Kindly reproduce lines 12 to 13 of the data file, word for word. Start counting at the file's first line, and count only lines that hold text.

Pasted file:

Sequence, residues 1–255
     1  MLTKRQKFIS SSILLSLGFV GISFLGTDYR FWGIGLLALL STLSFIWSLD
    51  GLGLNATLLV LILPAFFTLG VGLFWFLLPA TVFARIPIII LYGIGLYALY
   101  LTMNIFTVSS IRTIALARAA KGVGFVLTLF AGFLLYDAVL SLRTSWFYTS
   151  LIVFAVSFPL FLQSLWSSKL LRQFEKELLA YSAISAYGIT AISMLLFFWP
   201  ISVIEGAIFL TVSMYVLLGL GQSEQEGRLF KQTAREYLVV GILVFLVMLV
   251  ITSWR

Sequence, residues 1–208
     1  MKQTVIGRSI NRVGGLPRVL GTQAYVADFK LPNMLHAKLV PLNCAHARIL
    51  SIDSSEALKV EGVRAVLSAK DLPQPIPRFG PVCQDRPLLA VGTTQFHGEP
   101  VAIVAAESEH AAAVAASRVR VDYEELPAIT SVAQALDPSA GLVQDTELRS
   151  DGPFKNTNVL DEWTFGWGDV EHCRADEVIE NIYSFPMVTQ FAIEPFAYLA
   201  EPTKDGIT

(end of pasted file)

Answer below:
   151  DGPFKNTNVL DEWTFGWGDV EHCRADEVIE NIYSFPMVTQ FAIEPFAYLA
   201  EPTKDGIT